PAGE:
Economic loss calculations can be seriously altered by a wave of
new retirement data
In a typical personal injury case, there are a number of
approaches to developing the theory of economic loss and a number
of assumptions are made as part of that theory. In cases
where a person is unlikely to return to work or has returned to
work but is likely to have to retire earlier than otherwise would
have been the case, a major part of the theory revolves around the
person's expected retirement age, but for the accident.
While each case turns on its own facts, to some extent both
plaintiff counsel and defence counsel will base their theories on a
presumed retirement age. Many defence theories
are based on an outdated notion that people are embracing the idea
of Freedom 55 and retiring earlier than in previous
generations. The recent data on this point clearly shows an
upward trend in retirement age. There are two very good
reasons for this trend; people are living longer and saving less
for retirement and people simply cannot afford to retire.
The Statistics Canada Life Tables synthesize the mortality
experience of a population and enables comparative measures of
expected longevity. The 2009-2011 Life Tables produced by
Statistics Canada were released on September 25, 2013. The Life
Tables available prior to 2013 were the 2000-2002 Life Tables
released on July 31, 2006. In this short time period, the
average life expectancy of females at birth in Ontario increased
from 82.04 years to 83.92 years and from 77.37 years to 79.77 years
for males. This trend is consistent with data going back to
1920 which shows a steady and dramatic decrease in mortality and
corresponding increase in life expectancy. The life
expectancy for females has increased from 61 years to 84 years from
1920 to 2011 and from 59 years to 80 years for males.
Statistics Canada also predicts that by 2036 the average life
expectancy could reach 88.4 years for females and 85.4 years for
On the retirement readiness front, the ING Direct Canada 2012
annual survey of Canadians reveals that 56% of Canadians were
concerned with not having enough income to sustain a good quality
of life during retirement. The results also indicate that 48%
of Canadians do not have a financial plan for retirement.
The Toronto Star recently reported
that only one third of the current Canadian workforce is covered by
an employer-sponsored defined benefit plan, with this percentage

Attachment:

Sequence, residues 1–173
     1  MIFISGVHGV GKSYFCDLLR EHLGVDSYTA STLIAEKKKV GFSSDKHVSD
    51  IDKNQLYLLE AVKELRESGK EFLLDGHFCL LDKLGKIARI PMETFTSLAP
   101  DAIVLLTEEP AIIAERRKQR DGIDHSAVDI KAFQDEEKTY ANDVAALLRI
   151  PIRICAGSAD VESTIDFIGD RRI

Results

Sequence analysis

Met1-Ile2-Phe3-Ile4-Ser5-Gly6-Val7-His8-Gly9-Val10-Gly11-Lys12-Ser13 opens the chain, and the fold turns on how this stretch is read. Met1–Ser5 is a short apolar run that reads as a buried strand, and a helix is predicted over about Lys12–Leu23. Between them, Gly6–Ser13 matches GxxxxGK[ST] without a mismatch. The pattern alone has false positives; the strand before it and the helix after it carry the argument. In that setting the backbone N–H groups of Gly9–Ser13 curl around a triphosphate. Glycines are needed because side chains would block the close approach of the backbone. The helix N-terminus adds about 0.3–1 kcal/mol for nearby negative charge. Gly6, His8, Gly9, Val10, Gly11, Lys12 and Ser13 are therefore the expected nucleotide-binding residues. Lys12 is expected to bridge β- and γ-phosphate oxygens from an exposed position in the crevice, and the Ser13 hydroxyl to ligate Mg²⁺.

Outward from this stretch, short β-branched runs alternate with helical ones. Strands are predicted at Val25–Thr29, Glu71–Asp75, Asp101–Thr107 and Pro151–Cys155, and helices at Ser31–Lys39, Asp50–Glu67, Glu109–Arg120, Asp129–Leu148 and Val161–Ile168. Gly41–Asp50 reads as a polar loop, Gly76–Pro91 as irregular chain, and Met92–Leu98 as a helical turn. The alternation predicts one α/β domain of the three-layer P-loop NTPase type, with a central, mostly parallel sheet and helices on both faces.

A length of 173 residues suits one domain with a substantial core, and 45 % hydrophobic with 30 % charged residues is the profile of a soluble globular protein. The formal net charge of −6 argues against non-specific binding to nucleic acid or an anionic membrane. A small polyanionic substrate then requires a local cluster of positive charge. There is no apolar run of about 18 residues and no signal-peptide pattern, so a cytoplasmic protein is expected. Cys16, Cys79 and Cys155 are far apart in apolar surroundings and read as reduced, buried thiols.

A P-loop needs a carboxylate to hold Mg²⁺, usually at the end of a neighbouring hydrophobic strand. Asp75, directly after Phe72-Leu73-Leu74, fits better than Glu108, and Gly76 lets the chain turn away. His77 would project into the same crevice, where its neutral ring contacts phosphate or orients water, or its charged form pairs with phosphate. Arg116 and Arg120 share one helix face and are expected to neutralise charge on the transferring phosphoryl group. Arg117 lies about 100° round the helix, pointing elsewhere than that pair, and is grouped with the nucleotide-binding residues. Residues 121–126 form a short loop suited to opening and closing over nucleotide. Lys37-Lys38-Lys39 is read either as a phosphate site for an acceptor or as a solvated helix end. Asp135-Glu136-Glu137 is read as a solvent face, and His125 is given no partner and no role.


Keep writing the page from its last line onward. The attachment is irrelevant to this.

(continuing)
steadily decreasing over time. Only one third of Canadians is
contributing to a registered retirement savings plan and nearly
half of those contributors are in the top 10 per cent of income
earners, making $150,000 a year or more. With Canada Pension
Plan benefits capped at just over $12,000.00 per year, the average
working Canadian will face the difficult choice between continuing
to work into their "golden years" or alternatively, to
accept a drastically reduced quality of life post-retirement.
Factors other than longevity and lack of savings are also at
play in terms of people's decision to postpone
retirement. A Statistics Canada Report released in October
2011 entitled Delayed Retirement: A new trend? details the
Work is becoming less physically demanding due to technological
Younger workers are starting full-time work later in life.
The aging workforce has changed the capacity to replace older
workers. The ratio of new workers to retired workers is
decreasing dramatically. In 1976, there were 2.3 younger
workers aged 25 to 34 years for each worker 55 years or over.
The ratio in 2010 was 1.3. The labour market is expected to tighten
due to the smaller incoming age cohort.
The effect of these various factors is already apparent in the
statistics surrounding retirement. Over the past 10 years
alone, the average retirement age of workers in the private sector
has increased from 61.5 to 63.5 for men and 61 to 63.1 for
women. A 2012 Statistics Canada report on retirement ages
sets out that in 2009, a 50-year-old worker could expect to
continue working for an average of 16 more years (16.3 years for
men and 16.1 years for women), which means retiring at the age of
66. In the late 1990s, expected working life at age 50 was an
additional 13 years. It is reasonable to assume that this
trend will continue and is likely to accelerate in the coming
None of us possesses a crystal ball, but a cautious
approach needs to be taken when considering retirement age as part
of the theory of economic loss, particularly with younger
plaintiffs whose "normal" retirement age would be decades
down the road. To suggest that a plaintiff that is currently
25 years of age would likely retire at age 60, but for their
injuries, ignores the current trends with regard to overall life
expectancy and work life expectancy.
In Irwin v. Alberta Veterinary Medical Association, 2015 ABCA 396, the Alberta Court of Appeal found that the "ABVMA" failed to afford procedural fairness to a veterinarian undergoing an incapacity assessment.
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